On a personal level, fight week is a milestone of sorts because it marks 10 years since I was first credentialed for a fight. That fight was the rematch between Oscar De La Hoya and Shane Mosley, and a few weeks before the bout, I was in Big Bear, Calif., for a media day at both men’s training camps. That was where I met a young Las Vegas-born junior welterweight prospect named Ishe Smith, who was sparring with Mosley.
I had no intention of covering boxing on a regular or ongoing basis. My intent was to write a book on boxing and Las Vegas, and to that end I focused on a number of Sin City-based boxing figures -- cutman Stitch Duran, referee Joe Cortez and ringside physician Margaret Goodman, among others -- as well as a trio of Vegas boxers at various stages of their careers. One of them was Smith.
For the previous couple of years, Smith had been a mainstay of Guilty Boxing’s Friday Night Fights, held once a month at The Orleans casino west of the Strip. But when we talked, he was moving up to the major leagues; he had been signed by Gary Shaw Promotions and had recently appeared for the first time on Showtime’s ShoBox series.
A good technician who was adept at working the body, Smith looked destined for a title shot, but things didn’t quite work out the way he planned. I was ringside in Santa Ynez, Calif., when he scored a tough, close win over Randall Bailey -- an impressive win for a young fighter, but one that wasn’t aesthetically pleasing or clear cut. Then his relationship with Shaw cratered acrimoniously, and Smith was a man without a promoter.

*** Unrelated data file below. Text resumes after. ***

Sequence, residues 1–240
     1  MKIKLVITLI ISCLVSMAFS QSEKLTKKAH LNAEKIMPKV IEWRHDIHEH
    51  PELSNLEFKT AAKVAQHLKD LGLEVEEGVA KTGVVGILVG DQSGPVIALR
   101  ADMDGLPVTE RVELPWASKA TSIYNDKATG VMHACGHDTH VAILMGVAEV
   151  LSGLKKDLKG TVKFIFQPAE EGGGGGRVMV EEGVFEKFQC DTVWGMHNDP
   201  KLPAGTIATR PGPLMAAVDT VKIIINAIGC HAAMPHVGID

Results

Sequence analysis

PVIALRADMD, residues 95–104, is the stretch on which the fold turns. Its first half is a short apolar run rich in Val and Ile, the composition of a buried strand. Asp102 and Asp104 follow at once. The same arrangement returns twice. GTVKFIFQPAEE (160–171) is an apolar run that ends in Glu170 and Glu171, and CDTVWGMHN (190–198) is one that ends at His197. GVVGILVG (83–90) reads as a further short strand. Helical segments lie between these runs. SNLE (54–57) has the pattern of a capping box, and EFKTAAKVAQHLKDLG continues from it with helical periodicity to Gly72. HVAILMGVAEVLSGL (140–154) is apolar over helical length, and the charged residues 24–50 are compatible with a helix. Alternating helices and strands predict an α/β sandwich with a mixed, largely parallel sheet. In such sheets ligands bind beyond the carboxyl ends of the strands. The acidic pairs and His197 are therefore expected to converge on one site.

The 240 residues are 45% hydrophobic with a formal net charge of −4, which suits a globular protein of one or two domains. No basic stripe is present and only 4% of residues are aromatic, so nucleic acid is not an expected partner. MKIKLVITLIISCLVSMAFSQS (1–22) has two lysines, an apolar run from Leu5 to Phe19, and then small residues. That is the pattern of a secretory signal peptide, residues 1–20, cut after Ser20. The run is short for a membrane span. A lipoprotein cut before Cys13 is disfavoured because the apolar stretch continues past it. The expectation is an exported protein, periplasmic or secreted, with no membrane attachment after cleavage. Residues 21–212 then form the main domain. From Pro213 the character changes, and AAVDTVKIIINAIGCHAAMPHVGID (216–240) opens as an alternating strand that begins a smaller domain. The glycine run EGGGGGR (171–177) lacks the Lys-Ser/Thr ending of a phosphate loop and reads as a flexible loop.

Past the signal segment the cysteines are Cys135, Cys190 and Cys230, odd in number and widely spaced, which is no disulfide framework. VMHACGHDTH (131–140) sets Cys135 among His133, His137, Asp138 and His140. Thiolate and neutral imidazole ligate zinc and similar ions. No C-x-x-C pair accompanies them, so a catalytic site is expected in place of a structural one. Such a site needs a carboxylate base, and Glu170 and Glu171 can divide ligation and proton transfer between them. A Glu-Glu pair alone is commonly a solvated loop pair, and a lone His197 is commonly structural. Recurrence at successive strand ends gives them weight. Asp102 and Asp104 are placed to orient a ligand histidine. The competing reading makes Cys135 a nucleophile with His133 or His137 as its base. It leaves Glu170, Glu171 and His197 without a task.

By this stage, my book project had foundered, but I had been bitten by the boxing bug and continued to write from ringside. And I stayed in close touch with Smith, who told me one evening at a Guilty Boxing card that he had been approached to participate in a reality show called "The Contender." He had some doubts about the project but went ahead with it anyway, and although he didn’t win the Contender title, he became one of the show’s standout stars.
Then it all slowly unraveled. He parted with the people behind the "Contender," was signed by Golden Boy, lost an ugly bout to Sechew Powell, was released by Golden Boy, signed with Lou DiBella, lost a few other fights, went a long time between bouts and was released by DiBella, who said he was having a hard time getting Smith fights and suggested he may find more success with someone else.
By this stage, Smith and I weren’t in touch as much. He was adrift, his family life in turmoil, his career stalled. For a while, his thoughts turned suicidal, and even when he emerged from that darkest of places, he had all but resigned himself to being finished with boxing.
Then, suddenly, everything turned around again. Floyd Mayweather Jr. hired him to spar prior to Mayweather’s bout with Miguel Cotto last year. Then Mayweather signed Smith to Mayweather Promotions and promised to get him a title shot. A couple of wins led to a bout with Cornelius Bundrage in Detroit earlier this year, and with Mayweather in attendance, Smith finally achieved his dream of becoming the first Las Vegas-born fighter to win a world title.
Now here he is, on hometown soil, about to defend that title against Carlos Molina on the biggest boxing card in years. Ten years after we first met in Big Bear, I interviewed him once more, in a packed MGM Grand lobby.
That book of mine? Never happened. But for Smith, everything finally turned out right. The path may have been much longer and more tortuous than either of us might have expected a decade ago, but the destination wound up better than he could ever have imagined.